Psoriasis outbreaks are more likely to happen if your skin is dry. Applying Vaseline in areas where you often see psoriasis symptoms is a good proactive measure. While it may not be practical for everyday use, you can seal moisture in using Vaseline on your face without irritating your skin.

Aging

When researchers looked into the microbial activity of petroleum jelly, they found that the substance increases the regulation of peptides on your skin’s surface. Peptides happen to be a popular ingredient in some of the more popular and proven beauty creams and firming products.

Vaseline itself won’t shrink your pores or treat wrinkles, but keeping your skin moisturized is an essential preventative measure to slow the signs of aging on your skin.

Not for after-sun care

Vaseline is not safe to use as an immediate measure to treat sunburn or sun damage on your face. Vaseline is oil-based, which means it can seal in heat and aggravate your symptoms further.

Even though the Vaseline label clearly states it can be used to treat “minor burns,” you should only apply Vaseline to burns that are already healing, and several hours after the injury occurred. Try another natural remedy, such as aloe, instead.

Not for acne

According to the American Academy of Dermatologists, Vaseline can trigger outbreaks if you have acne-prone skin. Don’t put petroleum jelly on your face if you’re having an active breakout. There are plenty of other moisturizing options if you have acne-prone skin.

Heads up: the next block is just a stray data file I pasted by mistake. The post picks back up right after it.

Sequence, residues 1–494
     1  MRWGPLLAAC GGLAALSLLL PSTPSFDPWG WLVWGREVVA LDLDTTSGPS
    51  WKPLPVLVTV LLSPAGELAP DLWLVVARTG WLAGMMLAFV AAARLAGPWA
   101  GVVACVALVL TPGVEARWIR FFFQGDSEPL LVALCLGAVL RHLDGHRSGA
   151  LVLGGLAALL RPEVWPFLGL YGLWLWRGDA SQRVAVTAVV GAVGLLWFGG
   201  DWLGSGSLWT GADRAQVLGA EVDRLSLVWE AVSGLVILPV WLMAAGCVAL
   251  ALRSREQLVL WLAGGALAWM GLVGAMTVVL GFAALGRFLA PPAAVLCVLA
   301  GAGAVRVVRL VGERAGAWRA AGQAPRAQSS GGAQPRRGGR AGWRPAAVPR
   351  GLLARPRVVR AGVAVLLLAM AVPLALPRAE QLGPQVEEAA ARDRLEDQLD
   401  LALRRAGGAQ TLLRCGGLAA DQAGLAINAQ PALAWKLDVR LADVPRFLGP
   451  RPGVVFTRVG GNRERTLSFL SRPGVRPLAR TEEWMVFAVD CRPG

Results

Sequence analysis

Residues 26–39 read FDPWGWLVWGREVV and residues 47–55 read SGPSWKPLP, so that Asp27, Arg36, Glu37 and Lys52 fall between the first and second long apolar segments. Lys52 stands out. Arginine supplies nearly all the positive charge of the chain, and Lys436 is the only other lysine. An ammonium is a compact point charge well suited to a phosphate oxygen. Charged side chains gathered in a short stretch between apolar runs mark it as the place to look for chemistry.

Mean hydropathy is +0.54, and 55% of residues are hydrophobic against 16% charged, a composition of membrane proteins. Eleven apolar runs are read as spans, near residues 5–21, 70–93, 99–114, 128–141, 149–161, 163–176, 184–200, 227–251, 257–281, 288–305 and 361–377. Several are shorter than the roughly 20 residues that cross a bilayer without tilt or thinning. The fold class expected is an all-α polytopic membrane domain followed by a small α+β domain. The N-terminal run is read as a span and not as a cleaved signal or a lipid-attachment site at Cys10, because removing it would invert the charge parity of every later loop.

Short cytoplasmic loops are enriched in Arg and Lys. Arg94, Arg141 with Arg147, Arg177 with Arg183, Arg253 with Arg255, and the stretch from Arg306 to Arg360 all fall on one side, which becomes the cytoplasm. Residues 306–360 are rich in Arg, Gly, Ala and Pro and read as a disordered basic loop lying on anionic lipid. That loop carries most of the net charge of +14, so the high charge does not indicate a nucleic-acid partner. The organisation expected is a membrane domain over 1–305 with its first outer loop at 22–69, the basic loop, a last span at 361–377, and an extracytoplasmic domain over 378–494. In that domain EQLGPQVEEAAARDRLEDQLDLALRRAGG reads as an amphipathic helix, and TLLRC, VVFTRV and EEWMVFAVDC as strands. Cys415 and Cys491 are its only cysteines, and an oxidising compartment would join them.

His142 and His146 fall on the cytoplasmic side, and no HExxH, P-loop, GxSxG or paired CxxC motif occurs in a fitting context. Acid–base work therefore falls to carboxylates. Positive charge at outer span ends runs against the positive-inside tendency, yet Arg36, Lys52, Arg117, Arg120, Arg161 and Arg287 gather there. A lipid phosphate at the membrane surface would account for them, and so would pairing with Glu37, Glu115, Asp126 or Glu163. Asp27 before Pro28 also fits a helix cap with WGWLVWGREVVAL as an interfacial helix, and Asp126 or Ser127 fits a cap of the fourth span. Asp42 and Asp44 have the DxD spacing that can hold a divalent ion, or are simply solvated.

Vaseline is safe and even recommended for use on dry skin. Because of its occlusive properties, Vaseline can help soothe skin that’s chafed and dry. It’s especially handy for the thin skin on your eyelids. Unlike most products, Vaseline is safe to use in the area around your eyes.

Vaseline is safe to use, even if you have oily skin. But the heavy, greasy feeling of Vaseline might not be what you’re aiming for with your skincare routine, especially if you have combination oily or extremely oily skin.

Vaseline will also seal in any oils or sebum that is on your skin when you apply it, so keep that in mind.

The makers of Vaseline claim that their product is non-comedogenic, so you probably don’t have to worry about it aggravating your skin. Most people with sensitive skin can use Vaseline on their face without any issue.

  • Rarely, allergic reactions. There are some rare cases of allergic reactions when people use petroleum jelly on their face. If you’re sensitive to or allergic to petroleum products, avoid putting Vaseline on your face.
  • Not a moisturizer on its own. Another drawback is that Vaseline by itself doesn’t actually hydrate your skin.
  • Seals in anything else. Remember that Vaseline simply seals in the moisture (and even dirt) that you’ve got on your face. Make sure to apply it to clean skin.
  • Top layer of skin absorbs it slowly. It may feel soothing and look moisturizing, but petroleum jelly is really not infusing your skin with anything. Vaseline also takes some time to absorb, while a layer always remains on top of the skin.
  • Bulky or thick on skin. It can sometimes to be too thick to apply Vaseline underneath makeup — or too thick to have on for daily activities.

For most people, Vaseline is a safe and cost-effective way to lock moisture into skin. Even if you have skin conditions such as rosacea or psoriasis, it’s likely safe for you to use Vaseline.

Vaseline easily removes makeup, protects sensitive skin, and can even be used to help small cuts and bruises heal. While it doesn’t moisturize your skin by itself, chances are that trying Vaseline to lock in moisture is worth a shot for you.